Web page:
Veterans and Military Personnel
Our country can never repay the debt we owe our nation’s veterans and current active duty military personnel. These are the Americans who answered the call to duty and put their lives on the line to preserve our nation’s freedoms. I have had the distinct honor of making a number of visits to our troops overseas to thank them for their service.
Throughout my tenure in Congress, I have fought to ensure that our military has the very best equipment, weaponry and training. I have also consistently voted to increase benefits to veterans. I have supported efforts to expand veterans education assistance, improve medical care, provide vocational training and job opportunities and make housing more affordable to returning veterans.
Specifically, I have sponsored the Returning Soldiers' Bill of Rights, supported the Long Island State Veterans Home, voted for veterans housing benefits, voted to keep TRICARE costs low and voted for a tax deduction on TRICARE benefits. I was also instrumental in keeping the Manhattan VA open and in blocking private development at the St. Albans VA Community Living Center campus. Based on my support of veterans’ initiatives, I was awarded an ‘A’ on the Iraq and Afghanistan Veterans of America report card.
I have also worked to help veterans facing mental health issues. Traumatic brain injury (TBI) is one of the major causes of PTSD among these men and women. That is why I established a pilot program to enhance Department of Defense efforts on mental health in the National Guard and Reserves through community partnerships. I also supported the passage of the Clay Hunt Suicide Prevention for American Veterans Act, which became law in February 2015. This law requires a third party to annually evaluate both Department of Defense and VA mental health and suicide prevention programs. This law also addresses the lack of mental health professionals by providing an education loan repayment pilot program and authorizes the VA to collaborate with nonprofit mental health organizations to prevent suicide among veterans.
I have worked to expand veterans benefits by supporting the Post 9/11 GI bill, which was enacted in 2008, and brought the GI Bill of Rights into the 21st Century and expanded educational benefits for military veterans. But there is more work to be done that is why I strongly supported the Veterans Access, Choice, and Accountability Act, which became law in August 2014 and expanded education opportunities for veterans by allowing them to attend a state-run higher-education institution of their choice at an in-state tuition rate.
A top priority of mine has also been to fix our broken VA healthcare system. In addition to expanding education benefits for veterans the Veterans Access, Choice, and Accountability Act alleviates the burden on the VA healthcare system and reduces wait times by requiring that medical care be furnished to veterans through specified non-Department of Veterans Affairs healthcare facilities if they cannot get an appointment at a VA facility within the VA’s wait time goal. This law also increases the VA healthcare system’s efficiency by requiring the Inspector General of the VA to determine annually, the five health care occupations for which there are the largest staffing shortages throughout the VA. Finally this law improves healthcare for wounded veterans by extending the pilot program that assesses the effectiveness of assistance provided to eligible veterans with traumatic brain injury.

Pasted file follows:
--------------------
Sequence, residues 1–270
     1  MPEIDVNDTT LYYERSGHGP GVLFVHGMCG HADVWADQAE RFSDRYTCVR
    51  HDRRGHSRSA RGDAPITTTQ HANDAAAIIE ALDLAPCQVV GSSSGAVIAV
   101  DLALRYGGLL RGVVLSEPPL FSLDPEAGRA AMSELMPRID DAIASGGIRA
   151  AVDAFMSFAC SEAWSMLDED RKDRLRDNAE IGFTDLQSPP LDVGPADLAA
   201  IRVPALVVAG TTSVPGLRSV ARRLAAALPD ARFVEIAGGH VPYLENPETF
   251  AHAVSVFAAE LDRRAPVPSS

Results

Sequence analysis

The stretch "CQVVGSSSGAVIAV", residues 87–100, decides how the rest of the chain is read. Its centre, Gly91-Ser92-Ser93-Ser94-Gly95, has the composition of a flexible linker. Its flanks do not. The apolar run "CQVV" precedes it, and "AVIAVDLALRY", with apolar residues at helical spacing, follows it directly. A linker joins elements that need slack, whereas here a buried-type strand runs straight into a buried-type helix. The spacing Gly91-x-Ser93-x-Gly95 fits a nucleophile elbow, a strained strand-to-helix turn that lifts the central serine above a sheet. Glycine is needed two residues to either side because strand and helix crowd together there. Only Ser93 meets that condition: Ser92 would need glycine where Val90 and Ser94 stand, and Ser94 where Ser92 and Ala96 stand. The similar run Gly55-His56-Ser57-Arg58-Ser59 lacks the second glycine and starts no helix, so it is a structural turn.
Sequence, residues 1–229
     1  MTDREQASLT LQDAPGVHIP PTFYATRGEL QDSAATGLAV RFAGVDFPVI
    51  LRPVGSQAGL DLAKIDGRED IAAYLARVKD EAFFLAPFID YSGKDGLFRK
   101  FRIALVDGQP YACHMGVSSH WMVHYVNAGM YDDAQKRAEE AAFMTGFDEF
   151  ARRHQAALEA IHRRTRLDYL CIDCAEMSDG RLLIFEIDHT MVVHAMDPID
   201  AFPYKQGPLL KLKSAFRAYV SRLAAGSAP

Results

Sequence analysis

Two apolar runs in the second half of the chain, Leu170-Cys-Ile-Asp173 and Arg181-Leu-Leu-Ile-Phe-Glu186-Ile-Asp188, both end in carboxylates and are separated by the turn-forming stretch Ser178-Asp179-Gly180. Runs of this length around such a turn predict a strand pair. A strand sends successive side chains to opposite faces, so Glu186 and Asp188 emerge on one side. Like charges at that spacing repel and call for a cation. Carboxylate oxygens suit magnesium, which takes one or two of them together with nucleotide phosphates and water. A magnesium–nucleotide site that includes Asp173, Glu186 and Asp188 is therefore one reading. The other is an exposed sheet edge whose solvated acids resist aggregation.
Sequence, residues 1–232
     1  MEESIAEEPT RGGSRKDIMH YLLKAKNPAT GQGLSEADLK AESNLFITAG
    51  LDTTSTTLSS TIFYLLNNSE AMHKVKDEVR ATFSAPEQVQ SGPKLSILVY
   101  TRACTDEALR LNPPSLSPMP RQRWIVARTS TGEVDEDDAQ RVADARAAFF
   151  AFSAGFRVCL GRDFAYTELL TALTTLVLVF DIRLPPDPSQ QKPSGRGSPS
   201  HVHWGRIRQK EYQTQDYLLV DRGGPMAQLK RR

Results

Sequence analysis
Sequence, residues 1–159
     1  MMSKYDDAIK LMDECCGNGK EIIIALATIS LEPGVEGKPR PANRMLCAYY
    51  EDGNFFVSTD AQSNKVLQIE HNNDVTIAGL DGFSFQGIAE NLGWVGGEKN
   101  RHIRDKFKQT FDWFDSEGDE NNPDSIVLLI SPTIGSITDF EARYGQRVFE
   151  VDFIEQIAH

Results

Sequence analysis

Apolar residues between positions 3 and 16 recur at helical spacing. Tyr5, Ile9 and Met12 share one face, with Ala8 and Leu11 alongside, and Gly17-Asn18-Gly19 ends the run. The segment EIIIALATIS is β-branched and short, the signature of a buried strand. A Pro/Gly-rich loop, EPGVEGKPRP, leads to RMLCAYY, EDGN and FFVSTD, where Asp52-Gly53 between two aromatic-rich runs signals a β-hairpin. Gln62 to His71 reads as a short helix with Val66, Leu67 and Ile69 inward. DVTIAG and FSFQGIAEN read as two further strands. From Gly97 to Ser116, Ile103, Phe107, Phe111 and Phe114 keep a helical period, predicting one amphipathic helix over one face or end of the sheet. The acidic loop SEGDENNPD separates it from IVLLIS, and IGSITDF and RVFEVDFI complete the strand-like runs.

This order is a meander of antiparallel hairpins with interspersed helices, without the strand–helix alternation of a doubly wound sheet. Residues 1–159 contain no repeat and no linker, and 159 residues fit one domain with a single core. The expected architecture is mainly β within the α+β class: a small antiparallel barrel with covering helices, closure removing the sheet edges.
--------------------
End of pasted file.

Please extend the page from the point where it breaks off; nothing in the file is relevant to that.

In order to build upon the accomplishments of the Veterans Access, Choice, and Accountability Act, I supported the Veterans Health Care Choice Improvement Act of 2015, which became law in July 2015. This law prevents the closure of VA hospitals and ensures that veterans receive care in a swift and efficient manner by allowing the VA to access $3.35 billion from the Veterans Choice Fund to address their $2.5 billion budget shortfall. This shortfall was due to a sharp increase in the demand for healthcare, including expensive treatments for hepatitis C where a single pill could cost a $1000. This law also allows veterans receiving care from the VA for a service connected disability to continue to contribute to a Health Savings Account.
Through their service on the battlefield, veterans develop unique skills and superior leadership capabilities that are extremely valuable in the civilian workforce. However, the transition from the military is difficult and veterans often face long periods of unemployment. That is why I have reintroduced the Jobs for Veterans Act, which creates a $5,000 nonrefundable tax credit for employers who hire a returning veteran for more than 10 weeks/400 hours of work. This tax credit gives employers incentive to hire returning soldiers – a win-win solution that enables veterans to find employment and business owners to capitalize on the skills veterans have to offer.
In addition to joblessness, returning veterans also face housing issues. I will continue to work with the Department of Veterans Affairs and Department of Housing and Urban Development to ensure veterans get access to affordable housing and the support network they need.
I want you to know that any veteran who has any questions whatsoever – ranging from healthcare to finding military records to receiving medals – should contact my office. For additional information on services available to veterans and military personnel please feel free to view the helpful links below. For employment services available to guardsmen and reservists visit: www.h2h.jobs. For services and benefits available to veterans visit: www.ebenefits.va.gov.